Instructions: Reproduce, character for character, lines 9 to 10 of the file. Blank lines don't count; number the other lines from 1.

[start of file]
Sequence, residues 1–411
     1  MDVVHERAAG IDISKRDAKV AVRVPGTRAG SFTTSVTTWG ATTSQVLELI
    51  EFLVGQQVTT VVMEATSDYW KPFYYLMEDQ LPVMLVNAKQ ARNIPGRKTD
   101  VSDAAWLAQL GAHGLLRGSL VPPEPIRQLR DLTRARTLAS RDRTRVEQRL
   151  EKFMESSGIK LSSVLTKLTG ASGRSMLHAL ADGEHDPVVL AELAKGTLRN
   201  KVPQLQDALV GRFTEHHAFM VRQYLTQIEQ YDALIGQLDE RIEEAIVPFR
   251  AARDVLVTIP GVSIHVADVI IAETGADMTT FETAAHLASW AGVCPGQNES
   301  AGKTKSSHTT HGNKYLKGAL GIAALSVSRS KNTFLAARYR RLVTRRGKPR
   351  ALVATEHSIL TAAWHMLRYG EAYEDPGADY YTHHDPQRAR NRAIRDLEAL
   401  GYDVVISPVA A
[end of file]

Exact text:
   351  ALVATEHSIL TAAWHMLRYG EAYEDPGADY YTHHDPQRAR NRAIRDLEAL
   401  GYDVVISPVA A